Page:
Supreme Court dismisses B.C.'s appeal on TMX

Highest court swiftly, unanimously rejects challenge by provincial government

More than 2,000 workers are already employed on the pipeline twinning project. | BIV files

John Horgan's Stop-Trans Mountain tool belt appears to be empty.

The B.C. premier had promised to use every tool in his tool belt to halt the expansion of the Trans Mountain pipeline.

But on Thursday, the Supreme Court of Canada unanimously, and swiftly, dismissed B.C.'s appeal of a BC Court of Appeal decision, which found – also unanimously – that B.C. had no authority to do what it asked the court permission to do: Place limits on the volume of diluted bitumen that could flow through B.C. from Alberta by pipeline or train.

"This could not be a stronger affirmation of Alberta's position that the regulation of pipelines that go between provinces...are the exclusive authority of the national government," said Alberta Premier Jason Kenney.

"Clearly, we are disappointed by the decision, but this does not reduce our concerns regarding the potential of a catastrophic oil spill on our coast," Horgan said in a press release. "Our government takes our responsibility to defend the interests of British Columbians seriously. When it comes to protecting our coast, our environment and our economy, we will continue do all we can within our jurisdiction."

It's not clear what else the B.C. government can do to stop the expansion project, now that the highest court in the land told the government is has nor jurisdiction over federally mandated pipelines.

While Horgan's attempts to halt the project's expansion failed, he did succeed in forcing an ownership change. Canadians now own the Trans Mountain pipeline, thanks in no small part of the Horgan government.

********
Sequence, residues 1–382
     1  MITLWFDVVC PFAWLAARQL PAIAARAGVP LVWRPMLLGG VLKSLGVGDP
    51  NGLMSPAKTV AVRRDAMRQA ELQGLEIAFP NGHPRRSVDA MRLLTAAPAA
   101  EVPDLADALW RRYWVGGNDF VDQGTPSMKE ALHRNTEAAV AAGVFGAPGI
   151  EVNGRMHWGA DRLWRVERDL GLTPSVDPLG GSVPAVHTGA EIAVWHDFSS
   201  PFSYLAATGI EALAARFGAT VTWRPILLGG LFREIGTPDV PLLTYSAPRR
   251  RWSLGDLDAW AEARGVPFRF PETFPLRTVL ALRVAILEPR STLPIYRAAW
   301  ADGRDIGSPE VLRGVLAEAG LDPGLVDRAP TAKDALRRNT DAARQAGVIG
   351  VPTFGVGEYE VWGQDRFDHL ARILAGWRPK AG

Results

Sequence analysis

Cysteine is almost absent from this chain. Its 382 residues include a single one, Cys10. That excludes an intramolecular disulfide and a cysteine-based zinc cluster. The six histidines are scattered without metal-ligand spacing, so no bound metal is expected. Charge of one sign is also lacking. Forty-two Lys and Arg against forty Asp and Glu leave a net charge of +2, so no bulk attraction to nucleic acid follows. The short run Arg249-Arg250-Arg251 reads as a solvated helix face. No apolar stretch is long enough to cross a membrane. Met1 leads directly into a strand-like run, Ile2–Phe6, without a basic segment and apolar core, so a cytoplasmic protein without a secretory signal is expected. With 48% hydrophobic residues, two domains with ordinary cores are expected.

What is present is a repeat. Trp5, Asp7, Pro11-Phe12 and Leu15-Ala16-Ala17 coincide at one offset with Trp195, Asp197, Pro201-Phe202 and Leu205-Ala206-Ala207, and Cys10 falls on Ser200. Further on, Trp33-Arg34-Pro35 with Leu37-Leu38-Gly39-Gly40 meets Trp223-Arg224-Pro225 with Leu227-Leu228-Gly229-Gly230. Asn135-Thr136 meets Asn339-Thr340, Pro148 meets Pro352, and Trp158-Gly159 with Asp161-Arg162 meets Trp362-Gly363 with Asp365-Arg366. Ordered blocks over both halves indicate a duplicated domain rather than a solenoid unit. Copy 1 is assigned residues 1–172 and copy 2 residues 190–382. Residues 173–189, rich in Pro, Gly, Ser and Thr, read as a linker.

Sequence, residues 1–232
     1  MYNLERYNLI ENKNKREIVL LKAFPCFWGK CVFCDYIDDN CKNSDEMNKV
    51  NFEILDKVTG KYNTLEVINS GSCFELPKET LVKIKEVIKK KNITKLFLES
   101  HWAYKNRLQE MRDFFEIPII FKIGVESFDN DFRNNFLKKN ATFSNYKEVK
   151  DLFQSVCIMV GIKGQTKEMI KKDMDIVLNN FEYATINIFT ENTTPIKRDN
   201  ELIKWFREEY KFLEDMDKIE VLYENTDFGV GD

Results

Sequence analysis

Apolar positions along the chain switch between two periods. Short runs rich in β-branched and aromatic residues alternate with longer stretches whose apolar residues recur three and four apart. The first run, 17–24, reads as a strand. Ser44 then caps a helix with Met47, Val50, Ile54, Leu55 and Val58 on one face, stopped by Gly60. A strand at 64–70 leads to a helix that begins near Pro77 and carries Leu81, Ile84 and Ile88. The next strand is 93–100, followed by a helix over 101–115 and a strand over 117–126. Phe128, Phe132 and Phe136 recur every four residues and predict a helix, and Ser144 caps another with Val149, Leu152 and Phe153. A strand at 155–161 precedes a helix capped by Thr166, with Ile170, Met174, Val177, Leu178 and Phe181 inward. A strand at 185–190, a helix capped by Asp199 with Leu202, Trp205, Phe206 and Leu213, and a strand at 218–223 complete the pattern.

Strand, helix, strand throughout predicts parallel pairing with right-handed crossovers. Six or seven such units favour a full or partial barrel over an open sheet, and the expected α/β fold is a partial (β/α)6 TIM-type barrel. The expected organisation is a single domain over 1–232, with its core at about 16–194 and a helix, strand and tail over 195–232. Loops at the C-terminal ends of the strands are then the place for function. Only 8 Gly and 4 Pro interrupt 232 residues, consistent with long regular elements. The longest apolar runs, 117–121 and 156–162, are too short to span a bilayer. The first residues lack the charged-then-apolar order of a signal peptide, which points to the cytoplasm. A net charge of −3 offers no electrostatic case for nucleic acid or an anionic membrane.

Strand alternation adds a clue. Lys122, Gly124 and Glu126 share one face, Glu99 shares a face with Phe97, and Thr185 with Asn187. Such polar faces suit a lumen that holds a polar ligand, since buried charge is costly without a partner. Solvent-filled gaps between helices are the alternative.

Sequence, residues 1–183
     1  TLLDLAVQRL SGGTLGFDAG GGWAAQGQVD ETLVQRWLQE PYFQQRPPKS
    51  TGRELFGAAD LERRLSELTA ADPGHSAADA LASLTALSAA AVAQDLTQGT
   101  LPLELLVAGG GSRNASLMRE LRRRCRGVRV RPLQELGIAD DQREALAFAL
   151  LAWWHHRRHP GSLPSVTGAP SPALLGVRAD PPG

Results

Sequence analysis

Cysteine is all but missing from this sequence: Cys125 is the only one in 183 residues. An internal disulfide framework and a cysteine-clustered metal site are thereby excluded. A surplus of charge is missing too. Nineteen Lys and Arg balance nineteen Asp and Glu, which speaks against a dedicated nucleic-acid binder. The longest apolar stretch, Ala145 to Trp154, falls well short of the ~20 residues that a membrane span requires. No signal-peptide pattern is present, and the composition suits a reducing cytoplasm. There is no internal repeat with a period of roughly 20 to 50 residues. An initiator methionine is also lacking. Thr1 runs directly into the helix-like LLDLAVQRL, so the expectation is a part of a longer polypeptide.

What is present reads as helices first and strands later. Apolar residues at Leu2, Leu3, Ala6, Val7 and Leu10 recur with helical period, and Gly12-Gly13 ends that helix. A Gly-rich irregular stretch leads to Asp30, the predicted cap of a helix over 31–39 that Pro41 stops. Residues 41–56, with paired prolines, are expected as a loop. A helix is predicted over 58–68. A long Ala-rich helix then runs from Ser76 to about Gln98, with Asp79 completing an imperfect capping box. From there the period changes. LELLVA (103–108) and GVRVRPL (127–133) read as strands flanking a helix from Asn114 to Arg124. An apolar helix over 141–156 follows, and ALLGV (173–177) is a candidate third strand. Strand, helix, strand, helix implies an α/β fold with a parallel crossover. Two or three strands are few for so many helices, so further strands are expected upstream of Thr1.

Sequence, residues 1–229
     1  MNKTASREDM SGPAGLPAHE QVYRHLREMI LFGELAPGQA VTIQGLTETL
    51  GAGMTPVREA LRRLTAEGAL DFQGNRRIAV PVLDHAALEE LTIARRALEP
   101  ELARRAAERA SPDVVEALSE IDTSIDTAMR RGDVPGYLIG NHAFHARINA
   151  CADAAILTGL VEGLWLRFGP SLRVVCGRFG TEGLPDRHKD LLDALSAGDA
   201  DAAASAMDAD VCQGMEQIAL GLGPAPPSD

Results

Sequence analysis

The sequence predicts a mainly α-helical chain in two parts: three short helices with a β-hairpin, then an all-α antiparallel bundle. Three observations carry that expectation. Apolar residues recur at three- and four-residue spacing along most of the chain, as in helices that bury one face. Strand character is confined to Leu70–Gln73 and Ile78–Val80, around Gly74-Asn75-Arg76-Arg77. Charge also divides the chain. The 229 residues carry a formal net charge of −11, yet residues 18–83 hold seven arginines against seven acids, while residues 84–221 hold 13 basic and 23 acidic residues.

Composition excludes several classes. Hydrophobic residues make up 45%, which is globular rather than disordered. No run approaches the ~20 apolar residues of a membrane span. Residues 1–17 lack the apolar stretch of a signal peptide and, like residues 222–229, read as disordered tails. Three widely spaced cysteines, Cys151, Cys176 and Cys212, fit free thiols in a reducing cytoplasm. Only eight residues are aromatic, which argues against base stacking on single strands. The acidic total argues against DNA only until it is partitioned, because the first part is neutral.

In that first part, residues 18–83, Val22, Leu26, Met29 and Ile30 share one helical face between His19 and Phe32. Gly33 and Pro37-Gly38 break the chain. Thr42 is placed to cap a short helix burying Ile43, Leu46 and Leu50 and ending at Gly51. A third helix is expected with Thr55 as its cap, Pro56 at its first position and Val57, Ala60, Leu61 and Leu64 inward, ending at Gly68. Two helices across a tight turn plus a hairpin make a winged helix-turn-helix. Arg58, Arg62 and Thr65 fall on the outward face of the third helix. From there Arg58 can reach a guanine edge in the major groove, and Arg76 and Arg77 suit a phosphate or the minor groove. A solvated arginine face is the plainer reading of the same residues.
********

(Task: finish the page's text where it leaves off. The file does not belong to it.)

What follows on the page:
When Kinder Morgan (NYSE:KMI) announced it was pulling the plug, it cited an inability to deal with what was essentially a political problem – something only the federal government could deal with. The Trudeau government salvaged the expansion project by buying the existing Trans Mountain pipeline for $4.5 billion, and agreeing to undertake the expansion, which is expected to cost $7.4 to $9.3 billion.

Horgan's attempts to halt the Trans Mountain pipeline also caused some serious damage with its relations with Alberta. When the Horgan government announced in 2017 that it would implement new environmental regulations that would allow the B.C. government to essentially freeze the volume of diluted bitumen that flows from Alberta through B.C., it resulted in a brief trade war, with Alberta boycotting B.C. wine imports.

The Horgan government backed off and said it would seek a ruling from the courts to determine if B.C. had the authority to regulate what moves on a federally regulated pipeline.

The BC Supreme Court ruled it could not, so the Horgan government appealed to the B.C. Court of Appeal, which unanimously ruled in May 2019 that B.C. had no jurisdiction on pipelines. The B.C. government appealed to the Supreme Court of Canada which, on Thursday, unanimously rejected the appeal. It is reported by some media attending the hearing that the judges deliberated for less than an hour before dismissing the appeal.

nbennett@biv.com

@nbennett_biv